Miri was to Linvin’s right and the Greenliths were to his left with Anvar the farthest away. They’d raised their hoods on their cloaks to act as a barrier against the abrasive sand. Other than that, they laid completely flat. They were exhausted and were reluctant to even take nourishment.
After a while, the horses stopped drinking and looked around. They became restless and began to stammer back and forth. “Looks like they have had their fill,” Linvin noted. “I will take them back to the grass while you all rest here.” Stabbing Falconfeather into the sand, he marched to the water where he took the reins of the increasingly spooked animals. The horses bucked wildly as Linvin struggled to control them. One thing they did not fight him about was moving away from the water. Linvin could hardly keep up as the horses led him back inland. So focused was he on the animals he did not notice the water stirring nearby in an unnatural manner.
When they were well off the sand the beasts slowly calmed. Linvin found several bushes near a drumlin and tied the animals but gave them enough of a leash to graze as they wished. Though he expected the horses to begin eating at once, they chose instead to move as far away from the water as they could and stand with their backs to the lake. Well that has to be one of the strangest things I have ever seen, Linvin thought.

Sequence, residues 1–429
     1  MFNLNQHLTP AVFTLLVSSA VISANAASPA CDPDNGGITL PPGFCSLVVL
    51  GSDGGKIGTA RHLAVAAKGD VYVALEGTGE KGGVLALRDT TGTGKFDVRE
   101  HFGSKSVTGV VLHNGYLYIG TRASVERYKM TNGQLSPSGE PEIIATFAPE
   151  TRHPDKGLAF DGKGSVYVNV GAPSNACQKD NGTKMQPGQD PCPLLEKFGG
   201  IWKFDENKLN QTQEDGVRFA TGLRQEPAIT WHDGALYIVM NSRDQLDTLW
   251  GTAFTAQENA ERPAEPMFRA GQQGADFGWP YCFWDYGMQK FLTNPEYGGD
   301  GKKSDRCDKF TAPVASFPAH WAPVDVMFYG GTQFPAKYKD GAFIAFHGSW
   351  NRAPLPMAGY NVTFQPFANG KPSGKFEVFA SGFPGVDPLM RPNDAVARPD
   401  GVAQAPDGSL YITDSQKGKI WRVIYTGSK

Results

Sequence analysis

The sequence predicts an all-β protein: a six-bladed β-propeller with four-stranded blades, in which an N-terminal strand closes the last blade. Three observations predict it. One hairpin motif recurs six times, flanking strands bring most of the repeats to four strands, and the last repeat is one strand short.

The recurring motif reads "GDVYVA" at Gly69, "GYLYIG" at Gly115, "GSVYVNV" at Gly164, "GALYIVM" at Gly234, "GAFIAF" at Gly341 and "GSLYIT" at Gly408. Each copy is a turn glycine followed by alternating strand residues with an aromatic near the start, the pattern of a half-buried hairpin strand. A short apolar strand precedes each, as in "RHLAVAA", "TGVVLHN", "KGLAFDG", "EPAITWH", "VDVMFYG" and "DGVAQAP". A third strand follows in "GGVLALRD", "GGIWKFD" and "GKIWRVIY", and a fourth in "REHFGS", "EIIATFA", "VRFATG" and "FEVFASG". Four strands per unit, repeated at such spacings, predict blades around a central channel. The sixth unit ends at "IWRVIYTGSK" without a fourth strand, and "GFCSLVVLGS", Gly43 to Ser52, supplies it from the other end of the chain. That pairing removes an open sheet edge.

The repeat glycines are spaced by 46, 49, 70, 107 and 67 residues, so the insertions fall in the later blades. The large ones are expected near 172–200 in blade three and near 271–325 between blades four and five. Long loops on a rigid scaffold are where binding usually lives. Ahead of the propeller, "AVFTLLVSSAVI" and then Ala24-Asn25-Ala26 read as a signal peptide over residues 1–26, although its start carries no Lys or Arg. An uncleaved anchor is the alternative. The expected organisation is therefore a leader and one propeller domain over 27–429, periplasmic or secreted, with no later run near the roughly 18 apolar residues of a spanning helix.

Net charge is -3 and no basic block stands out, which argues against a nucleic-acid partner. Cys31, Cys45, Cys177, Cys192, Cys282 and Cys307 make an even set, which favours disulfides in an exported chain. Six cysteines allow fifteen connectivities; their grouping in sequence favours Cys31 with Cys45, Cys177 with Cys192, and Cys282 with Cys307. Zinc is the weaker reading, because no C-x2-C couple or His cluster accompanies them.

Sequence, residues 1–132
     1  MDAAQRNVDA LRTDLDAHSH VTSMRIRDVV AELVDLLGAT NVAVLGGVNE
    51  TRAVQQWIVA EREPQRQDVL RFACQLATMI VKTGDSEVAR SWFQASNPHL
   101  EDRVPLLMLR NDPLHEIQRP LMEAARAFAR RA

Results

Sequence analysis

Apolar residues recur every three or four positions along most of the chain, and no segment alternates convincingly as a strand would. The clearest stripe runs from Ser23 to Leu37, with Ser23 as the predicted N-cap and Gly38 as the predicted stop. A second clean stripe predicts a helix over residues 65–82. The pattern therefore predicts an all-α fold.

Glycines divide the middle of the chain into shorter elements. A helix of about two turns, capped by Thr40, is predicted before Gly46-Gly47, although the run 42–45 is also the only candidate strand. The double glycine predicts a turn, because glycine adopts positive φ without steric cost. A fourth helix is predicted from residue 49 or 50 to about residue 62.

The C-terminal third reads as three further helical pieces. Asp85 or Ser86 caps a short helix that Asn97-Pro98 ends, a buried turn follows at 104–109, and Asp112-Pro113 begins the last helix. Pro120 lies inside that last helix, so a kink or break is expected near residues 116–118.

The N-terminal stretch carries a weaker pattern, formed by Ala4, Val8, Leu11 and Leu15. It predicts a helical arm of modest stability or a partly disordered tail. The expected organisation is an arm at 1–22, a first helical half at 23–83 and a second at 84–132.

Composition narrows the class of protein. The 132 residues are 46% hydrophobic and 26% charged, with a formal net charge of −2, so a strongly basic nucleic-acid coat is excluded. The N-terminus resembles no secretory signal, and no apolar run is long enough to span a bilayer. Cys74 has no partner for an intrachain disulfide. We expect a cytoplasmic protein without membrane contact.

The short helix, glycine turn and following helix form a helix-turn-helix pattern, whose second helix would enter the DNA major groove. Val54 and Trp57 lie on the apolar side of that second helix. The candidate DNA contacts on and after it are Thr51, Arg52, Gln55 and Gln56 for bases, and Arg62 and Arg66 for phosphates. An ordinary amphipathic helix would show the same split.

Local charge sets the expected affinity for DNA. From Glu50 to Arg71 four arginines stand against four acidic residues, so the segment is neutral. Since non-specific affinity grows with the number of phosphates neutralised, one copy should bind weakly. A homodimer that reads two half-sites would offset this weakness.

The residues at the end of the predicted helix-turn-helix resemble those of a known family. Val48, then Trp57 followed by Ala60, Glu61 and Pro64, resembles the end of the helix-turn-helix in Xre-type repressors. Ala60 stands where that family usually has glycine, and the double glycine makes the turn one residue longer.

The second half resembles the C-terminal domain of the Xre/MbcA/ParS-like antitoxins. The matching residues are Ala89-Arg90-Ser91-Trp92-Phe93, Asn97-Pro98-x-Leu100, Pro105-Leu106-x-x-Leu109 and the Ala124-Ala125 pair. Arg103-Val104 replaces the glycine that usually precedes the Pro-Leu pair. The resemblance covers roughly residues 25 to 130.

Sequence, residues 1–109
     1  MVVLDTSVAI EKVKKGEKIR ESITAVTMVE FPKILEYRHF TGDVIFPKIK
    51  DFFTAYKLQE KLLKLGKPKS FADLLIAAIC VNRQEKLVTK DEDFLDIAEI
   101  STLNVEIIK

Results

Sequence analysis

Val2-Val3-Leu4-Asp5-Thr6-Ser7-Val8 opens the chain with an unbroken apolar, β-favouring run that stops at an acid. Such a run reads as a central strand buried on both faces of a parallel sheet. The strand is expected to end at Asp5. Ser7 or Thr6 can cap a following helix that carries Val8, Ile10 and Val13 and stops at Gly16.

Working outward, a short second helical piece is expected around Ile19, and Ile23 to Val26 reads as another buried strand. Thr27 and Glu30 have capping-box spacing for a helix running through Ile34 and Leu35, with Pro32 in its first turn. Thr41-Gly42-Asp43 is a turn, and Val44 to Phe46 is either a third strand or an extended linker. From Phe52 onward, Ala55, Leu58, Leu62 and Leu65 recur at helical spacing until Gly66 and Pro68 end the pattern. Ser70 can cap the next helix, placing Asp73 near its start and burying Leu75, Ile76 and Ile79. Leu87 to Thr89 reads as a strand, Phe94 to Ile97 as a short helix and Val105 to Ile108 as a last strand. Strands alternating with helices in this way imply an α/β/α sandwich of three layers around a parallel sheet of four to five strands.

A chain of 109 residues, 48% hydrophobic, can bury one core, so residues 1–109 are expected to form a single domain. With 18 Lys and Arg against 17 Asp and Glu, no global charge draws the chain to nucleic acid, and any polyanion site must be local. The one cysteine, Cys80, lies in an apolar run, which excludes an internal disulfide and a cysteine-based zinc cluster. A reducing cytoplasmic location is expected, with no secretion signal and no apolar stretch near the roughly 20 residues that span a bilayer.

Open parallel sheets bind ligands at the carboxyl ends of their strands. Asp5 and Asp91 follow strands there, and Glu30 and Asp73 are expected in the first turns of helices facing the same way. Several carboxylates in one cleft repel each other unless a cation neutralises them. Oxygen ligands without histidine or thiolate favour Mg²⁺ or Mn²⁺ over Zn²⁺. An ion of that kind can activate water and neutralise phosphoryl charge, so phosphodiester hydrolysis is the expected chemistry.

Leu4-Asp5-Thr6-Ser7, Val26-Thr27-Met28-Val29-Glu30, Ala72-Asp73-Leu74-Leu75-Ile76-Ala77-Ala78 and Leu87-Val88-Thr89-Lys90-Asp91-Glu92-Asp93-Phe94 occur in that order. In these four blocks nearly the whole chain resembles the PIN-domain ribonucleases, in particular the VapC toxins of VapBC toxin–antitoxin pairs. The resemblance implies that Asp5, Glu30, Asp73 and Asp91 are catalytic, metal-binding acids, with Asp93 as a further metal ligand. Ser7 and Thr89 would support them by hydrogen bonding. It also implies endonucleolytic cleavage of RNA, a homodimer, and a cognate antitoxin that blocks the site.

Suddenly there was screaming from the beach. Linvin turned to see a ghastly sight. Thousands of small tentacles no wider than a finger had sprung from the water and had entwined the other party members by the legs. They were winding their way up the bodies of their victims.
Linvin did not have the staff but felt instinctively he had his magical reserve on which to draw. He spread his fingers and fired dense bursts of magic at the attackers. To his absolute horror, the magic struck the tentacles and bounced harmlessly out to sea. Then he saw Anvar try his magic on the ever-tightening grip surrounding his body. His magic proved no more effective.
Linvin reached for Falconfeather only to be reminded it was standing in the sand. He raced toward his companions as the tentacles began to draw their bodies to the water. Needing to reach the others rapidly, Linvin was realizing just how deep the beach truly went inland. Running in sand was hard enough, but trying to reach his party before they were submerged was a daunting task.
Linvin called out in a firm voice. “Falconfeather. Come.” The great blade was awake even though it was lodged in the sand. It glowed with excitement and rose from the ground. With great speed it flew hilt-first into Linvin’s hand.